I know this may be fairly controversial as many people I speak to think KoH is boring, but Ridley Scott’s epic tale of the Crusades has a lot going for it. Orlando Bloom is as good as Orlando Bloom gets (which admittedly isn’t all that great) and the historical world is lovingly created. Really though, I like this film because it has some awesome battle sequences, a rousing, sweeping soundtrack, and simply because I find that era of history utterly fascinating.

I won’t go into the historical accuracy or controversy about the film’s message on Western-Arab relations at a deeply sensitive time; far more qualified people than I have covered this in much greater detail. If you’ve not seen the film before or haven’t watched it in a long time, I highly recommend you pick up a copy of the Director’s Cut Blu-Ray and strap yourself in to the home cinema system for the film and accompanying documentaries.

4. A History of Violence

a history of violenceThere. You see how cozy it can be when you decide to play nice? Now come, Joey. Get in the car. You won’t need your toothbrush. We’ll take care of everything.

Criminally underrated by the general population but loved by critics, David Cronenberg’s film stars Viggo Mortensen as a man in a quiet town who responds with extraordinary, lethal skill when two men try to rob his diner. While not the most surprising or twist-filled narrative, the story is still gripping and as the film unravels, it is a pleasure to watch Mortensen’s consummate portrayal of the protagonist.

I’m not going to say any more about this film other than this: if you’ve not seen it, rectify this immediately. If you have, you’re probably overdue another viewing.

3. Hidden (Caché)

hiddenIsn’t it lonely, if you can’t go out?

It took me far too long to watch this film and I suspect many readers will be aware of the film without having seen it. As I said when raving about the film on a podcast many moons ago, the main feeling I was left with was simply awe at Haneke’s direction.

At the heart of the film is a mystery, a frighteningly real and possible mystery that it would be detrimental to discuss in case you, the reader, haven’t seen the film. Nonetheless, the way in which the narrative is unwound, meticulously, thread by thread, is a joy to behold. Without spoiling anything, I can say that the mystery continues right up until the final shot – which unlike most films doesn’t give the viewer closure but instead opens up a whole other line of enquiry for the viewer to ponder as they walk away from the film.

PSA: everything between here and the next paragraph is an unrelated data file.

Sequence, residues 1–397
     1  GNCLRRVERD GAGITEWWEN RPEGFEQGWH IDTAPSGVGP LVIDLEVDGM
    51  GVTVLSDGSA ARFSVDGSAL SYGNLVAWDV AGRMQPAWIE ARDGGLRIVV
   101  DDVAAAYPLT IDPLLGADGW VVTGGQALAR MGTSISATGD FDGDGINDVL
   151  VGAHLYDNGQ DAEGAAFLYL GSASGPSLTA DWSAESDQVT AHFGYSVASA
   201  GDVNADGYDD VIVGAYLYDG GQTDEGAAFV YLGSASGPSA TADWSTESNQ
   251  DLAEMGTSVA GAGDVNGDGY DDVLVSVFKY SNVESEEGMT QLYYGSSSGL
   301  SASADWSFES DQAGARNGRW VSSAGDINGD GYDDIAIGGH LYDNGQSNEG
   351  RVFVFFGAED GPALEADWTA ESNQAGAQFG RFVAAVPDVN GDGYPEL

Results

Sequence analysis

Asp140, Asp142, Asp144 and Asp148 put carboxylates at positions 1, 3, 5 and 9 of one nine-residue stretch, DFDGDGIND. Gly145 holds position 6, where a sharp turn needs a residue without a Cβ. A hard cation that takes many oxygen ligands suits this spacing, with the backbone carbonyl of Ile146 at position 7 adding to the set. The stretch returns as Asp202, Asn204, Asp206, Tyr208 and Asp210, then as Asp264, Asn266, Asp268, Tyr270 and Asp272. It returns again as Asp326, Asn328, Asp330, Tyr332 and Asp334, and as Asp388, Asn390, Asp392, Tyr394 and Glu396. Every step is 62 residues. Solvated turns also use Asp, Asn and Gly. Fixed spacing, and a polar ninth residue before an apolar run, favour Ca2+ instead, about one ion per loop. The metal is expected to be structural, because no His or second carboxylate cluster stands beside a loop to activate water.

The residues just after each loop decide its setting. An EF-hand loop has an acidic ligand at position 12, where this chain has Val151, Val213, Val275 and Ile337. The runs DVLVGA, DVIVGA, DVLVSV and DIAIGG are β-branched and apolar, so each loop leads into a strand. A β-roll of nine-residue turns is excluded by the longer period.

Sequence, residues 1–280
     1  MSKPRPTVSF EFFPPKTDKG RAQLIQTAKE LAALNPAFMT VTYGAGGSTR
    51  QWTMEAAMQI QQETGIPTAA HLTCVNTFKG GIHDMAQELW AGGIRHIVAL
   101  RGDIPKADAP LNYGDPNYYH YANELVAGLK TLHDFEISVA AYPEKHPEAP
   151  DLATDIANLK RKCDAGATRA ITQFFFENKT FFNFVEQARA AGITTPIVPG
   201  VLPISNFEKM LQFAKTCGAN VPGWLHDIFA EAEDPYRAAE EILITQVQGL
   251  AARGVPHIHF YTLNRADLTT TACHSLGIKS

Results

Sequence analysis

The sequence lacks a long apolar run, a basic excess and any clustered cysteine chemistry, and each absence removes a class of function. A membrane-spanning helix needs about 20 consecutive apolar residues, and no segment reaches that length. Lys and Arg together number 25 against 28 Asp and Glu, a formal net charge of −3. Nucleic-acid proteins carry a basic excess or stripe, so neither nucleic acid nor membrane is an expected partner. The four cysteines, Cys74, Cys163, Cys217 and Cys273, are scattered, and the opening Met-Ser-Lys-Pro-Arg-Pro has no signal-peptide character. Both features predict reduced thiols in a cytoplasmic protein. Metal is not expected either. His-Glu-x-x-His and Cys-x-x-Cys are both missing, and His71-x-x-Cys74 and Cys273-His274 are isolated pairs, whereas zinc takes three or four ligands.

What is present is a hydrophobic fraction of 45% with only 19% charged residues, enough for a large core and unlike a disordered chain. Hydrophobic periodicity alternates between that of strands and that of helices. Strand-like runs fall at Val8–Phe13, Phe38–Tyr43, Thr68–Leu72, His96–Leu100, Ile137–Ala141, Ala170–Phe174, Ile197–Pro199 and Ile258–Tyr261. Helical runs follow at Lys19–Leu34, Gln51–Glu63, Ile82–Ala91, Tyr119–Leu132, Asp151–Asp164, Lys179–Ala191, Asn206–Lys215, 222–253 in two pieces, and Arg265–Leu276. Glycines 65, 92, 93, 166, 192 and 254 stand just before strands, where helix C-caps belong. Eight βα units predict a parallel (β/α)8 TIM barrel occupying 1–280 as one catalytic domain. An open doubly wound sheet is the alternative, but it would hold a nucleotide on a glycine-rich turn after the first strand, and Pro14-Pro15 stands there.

The beauty is therefore in Haneke’s intention; no explanation is fully satisfactory. There are flaws in any theory to answer the film’s questions, just as in life. If you’ve seen Hidden though, I’m sure you will be bursting with theories of your own and will happily engage others in a discussion/argument about it. And that, really, is the beauty of good entertainment, of a fine cultural artefact – enjoyable in the moment, just as enjoyable when shared with others.

2. Sin City

sin cityThe silencer makes a whisper of the gunshot. I hold her close until she’s gone. I’ll never know what she was running from. I’ll cash her cheque in the morning.

Stylish, brutally violent and full of smart dialogue, Frank Miller’s graphic novel series is definitely worth a read. And as the film is arguably the most faithful interpretation of comic/graphic novel source material you’re likely to find, it isn’t surprising to find it here on this list. Robert Rodriguez had spent a few years directing kids films by this point (interspersed with Once Upon a Time in Mexico) so this represented a powerful return to type.

Still notable nearly ten years on for the striking visuals thanks to being shot almost entirely on green screen, Sin City explores the dark side of urban humanity. RR managed to pull together an all-star cast (who interestingly weren’t all signed up when some scenes were shot, so RR digitally swapped them in for doubles later on) and in particular a great turn from Mickey Rourke after years in the wilderness, an absolute must given the disparate nature of the multiple narratives woven together. Plus it has lots of sexy ladies in it who, much like in Planet Terror a couple of years later, kick a lot of ass and aren’t just there purely as eye candy.